Considering that the SV40-MES13 cells were commonly used to establish the cellular DN model according to previous studies, the same cell line was chosen in the present study (14-17). SV40-MES13 was obtained from National Collection of Authenticated Cell Cultures (Shanghai, China). Cells were maintained in DMEM/F12 medium (HyClone; Cytiva) supplemented with 5% fetal bovine serum (Merck KGaA) and 1% penicillin/streptomycin (Beyotime Institute of Biotechnology) at 37˚C and 5% CO2.

Cell transfection

DUSP22 overexpression and control plasmids were purchased from Sangon Biotech Co., Ltd. DUSP22 and control small interfering (si) RNAs were synthesized by Shanghai GenePharma Co., Ltd. Briefly, SV40-MES13 cells were seeded in six-well (2x105 cells/well) or 96-well plate (5x103 cells/well) and cultured into 80% confluence. Cells were then transfected (100 or 5 pM) into cells using HilyMAX Reagent (Invitrogen; Thermo Fisher Scientific, Inc.) at 37˚C for 6 h according to the manufacturers' protocol. The sense sequences of siRNAs were as follows: DUSP22, 5'-CGGGCCTGTACATTGGCAACTTCAA-3'; and control, 5'-CGGGTCCATTTACGGCAATTGCCAA-3'.

Glucose treatment

The SV40-MES13 cells were seeded in six-well plates (2x105 cells/well) and divided into HG and LG groups. In the HG group, SV40-MES13 cells were stimulated with 25 mM D-glucose (Shanghai Aladdin Biochemical Technology Co., Ltd.) for 48 h to establish cellular DN model (14-18), and transfected with DUSP22 overexpression plasmid (HG-oe-DUSP22) or control plasmid (HG-oe-NC) as aforementioned. In the LG group, SV40-MES13 cells were stimulated with 5.5 mM D-glucose supplemented with 19.5 mM D-mannitol (Sigma-Aldrich; Merck KGaA) for 48 h, and transfected with DUSP22 siRNA (LG-si-DUSP22) or siRNA control (LG-si-NC) as aforementioned. Untransfected cells cultured in HG or LG medium were used as control group (HG-Control or LG-Control). Cells were then incubated for 48 h, and harvested for reverse transcription-quantitative PCR (RT-qPCR), cell apoptosis and western blotting assays. The cell supernatant was used for inflammatory cytokines assessment using ELISA.

Cell proliferation assay

Cell proliferation detection of SV40-MES13 cells was performed using Cell Counting Kit-8 (CCK-8; Dojindo Laboratories, Inc.). In brief, cells in the HG or LG group were plated on a 96-well plate (5x103 cells/well) and transfected as indicated. At 0, 24, 48 and 72 h after transfection, 10 µl CCK-8 detection buffer was added and cells were incubated for 2 h at 37˚C. A microplate reader (Tosoh Corporation) was adopted to assess cell proliferation with an optical density (OD) value of 450 nm being measured.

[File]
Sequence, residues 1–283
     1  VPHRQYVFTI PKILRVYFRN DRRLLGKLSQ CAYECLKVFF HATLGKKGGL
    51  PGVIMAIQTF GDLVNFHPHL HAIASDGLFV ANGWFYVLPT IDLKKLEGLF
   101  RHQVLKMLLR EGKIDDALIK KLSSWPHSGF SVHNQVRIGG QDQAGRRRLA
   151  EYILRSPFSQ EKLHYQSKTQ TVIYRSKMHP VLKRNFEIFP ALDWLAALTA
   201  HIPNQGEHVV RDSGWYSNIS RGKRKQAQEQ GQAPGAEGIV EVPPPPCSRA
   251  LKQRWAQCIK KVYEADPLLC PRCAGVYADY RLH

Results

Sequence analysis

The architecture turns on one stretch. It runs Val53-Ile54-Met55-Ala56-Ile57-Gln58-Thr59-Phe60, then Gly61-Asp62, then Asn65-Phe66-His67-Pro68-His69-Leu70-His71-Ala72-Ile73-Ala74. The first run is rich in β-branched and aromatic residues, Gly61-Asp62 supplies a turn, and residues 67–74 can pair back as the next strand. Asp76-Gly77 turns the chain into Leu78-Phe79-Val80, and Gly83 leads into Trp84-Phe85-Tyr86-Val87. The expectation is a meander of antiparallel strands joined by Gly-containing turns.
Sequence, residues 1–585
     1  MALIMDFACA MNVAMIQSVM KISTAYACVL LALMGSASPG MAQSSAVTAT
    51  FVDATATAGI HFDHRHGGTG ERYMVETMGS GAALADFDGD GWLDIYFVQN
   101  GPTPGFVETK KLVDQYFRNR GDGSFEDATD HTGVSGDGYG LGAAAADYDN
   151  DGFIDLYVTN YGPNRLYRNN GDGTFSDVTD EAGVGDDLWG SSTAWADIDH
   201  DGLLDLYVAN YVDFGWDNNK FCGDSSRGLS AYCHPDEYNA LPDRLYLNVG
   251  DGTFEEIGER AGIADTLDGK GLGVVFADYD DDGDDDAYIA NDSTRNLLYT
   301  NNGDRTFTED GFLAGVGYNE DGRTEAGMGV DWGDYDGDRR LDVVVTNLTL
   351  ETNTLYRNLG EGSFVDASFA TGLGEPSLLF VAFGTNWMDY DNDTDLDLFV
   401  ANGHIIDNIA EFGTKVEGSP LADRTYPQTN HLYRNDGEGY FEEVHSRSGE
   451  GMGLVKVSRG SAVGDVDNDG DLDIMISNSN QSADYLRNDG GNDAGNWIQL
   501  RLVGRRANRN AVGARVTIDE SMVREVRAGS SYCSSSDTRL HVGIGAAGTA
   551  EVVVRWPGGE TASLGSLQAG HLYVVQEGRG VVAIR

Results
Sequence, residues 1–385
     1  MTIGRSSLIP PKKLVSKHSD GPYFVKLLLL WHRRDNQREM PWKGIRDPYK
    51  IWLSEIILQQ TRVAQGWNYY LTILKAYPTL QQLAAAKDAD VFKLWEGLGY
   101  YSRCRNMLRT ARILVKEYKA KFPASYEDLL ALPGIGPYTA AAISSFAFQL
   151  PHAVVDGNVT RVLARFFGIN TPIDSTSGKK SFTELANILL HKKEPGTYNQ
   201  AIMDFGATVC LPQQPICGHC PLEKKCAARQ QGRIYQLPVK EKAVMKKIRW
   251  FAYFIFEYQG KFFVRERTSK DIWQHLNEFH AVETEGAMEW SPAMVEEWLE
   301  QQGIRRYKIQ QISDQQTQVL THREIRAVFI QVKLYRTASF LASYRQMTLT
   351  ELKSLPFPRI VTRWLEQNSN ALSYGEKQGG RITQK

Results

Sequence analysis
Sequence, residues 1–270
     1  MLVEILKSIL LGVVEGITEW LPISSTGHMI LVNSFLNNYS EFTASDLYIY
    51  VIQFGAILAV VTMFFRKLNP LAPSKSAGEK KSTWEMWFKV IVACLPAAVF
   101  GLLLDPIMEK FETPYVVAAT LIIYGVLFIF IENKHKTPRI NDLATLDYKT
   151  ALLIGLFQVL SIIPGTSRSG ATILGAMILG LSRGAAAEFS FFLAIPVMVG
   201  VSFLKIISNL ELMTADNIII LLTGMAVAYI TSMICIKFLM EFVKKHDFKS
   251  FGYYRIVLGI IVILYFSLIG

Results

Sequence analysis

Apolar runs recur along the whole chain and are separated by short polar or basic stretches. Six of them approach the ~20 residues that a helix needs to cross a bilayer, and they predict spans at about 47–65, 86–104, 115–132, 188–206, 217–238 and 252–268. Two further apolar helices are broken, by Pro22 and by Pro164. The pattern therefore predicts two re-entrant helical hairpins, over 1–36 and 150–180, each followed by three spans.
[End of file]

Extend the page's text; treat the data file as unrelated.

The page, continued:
Cell apoptosis assay

The TUNEL detection kit (Elabscience Biotechnology, Inc.) was used for assessing cell apoptotic rate after treatment. In brief, SV40-MES13 cells were fixed with 4% paraformaldehyde (Wuhan Servicebio Technology Co., Ltd.) for 15 min and incubated with Triton X-100 (Wuhan Servicebio Technology Co., Ltd.) for 10 min at 37˚C. Afterwards, cells were incubated with apoptosis detection buffer for 0.5 h at 37˚C. After being stained with DAPI (5 mg/l; Sangon Biotech Co., Ltd.) for 10 min and sealed by Antifade Mounting Medium (Beyotime Institute of Biotechnology), cell apoptotic rate was evaluated using fluorescence microscope (Olympus Corporation) with five random fields being selected.


The supernatant of SV40-MES13 cells was collected at 48 h after treatment. The content of inflammatory cytokines in cell supernatant was detected using mouse tumor necrosis factor-alpha (TNF-α; cat. no. D721150), IL-1β (cat. no. D721017), IL-6 (cat. no. D721022), and IL-12 (cat. no. D721174) ELISA kits (Sangon Biotech Co., Ltd.), respectively. The experiment was performed in accordance with the manufacturer's protocol. The OD value at 450 nm was measured using a microplate reader (Tosoh Corporation).

RNA extraction and RT-qPCR

Total RNA of SV40-MES13 cells was extracted using RNAzol® RT (Sigma-Aldrich; Merck KGaA). The concentration of RNA was analyzed using Qubit-4 Flurometer (Invitrogen; Thermo fisher Scientific, Inc.). Reverse Transcription kit (Qiagen GmbH) was used for cDNA synthesis in accordance with the kit's protocol. The quantification of DUSP22, fibronectin 1 (FN1), collagen I (COL1A1) and transforming growth factor beta 1 (TGF-β1) was performed using the SYBR Green PCR kit (Qiagen GmbH) and normalized to the level of β-actin. The thermocycling conditions of qPCR were as follows: 95˚C for 5 min, 1 cycle; 95˚C for 10 sec, 61˚C for 30 sec, 40 cycles. The results were calculated using the 2-ΔΔCq method (19). The sequences of primers used for RT-qPCR were as follows: DUSP22 forward, 5'-GCCAGGCCTATGTTGGAGGGAGTT-3' and reverse, 5'-TGTATGCGATCACCAGTGTCAC-3'; FN1 forward, 5'-ATGTGGACCCCTCCTGATAGT and reverse, 5'-GCCCAGTGATTTCAGCAAAGG-3'; COL1A1 forward, 5'-CTCGTGGATTGCCTGGAACA-3' and reverse, 5'-GCACCAACAGCACCATCGT-3'; TGF-β1 forward, 5'-TGACGTCACTGGAGTTGTACGG-3' and reverse, 5'-GGTTCATGTCATGGATGGTGC-3'; and β-actin forward, 5'-AAGACCTCTATGCCAACACAGTG-3' and reverse, 5'-CATCGTACTCCTGCTTGCTGAT-3'.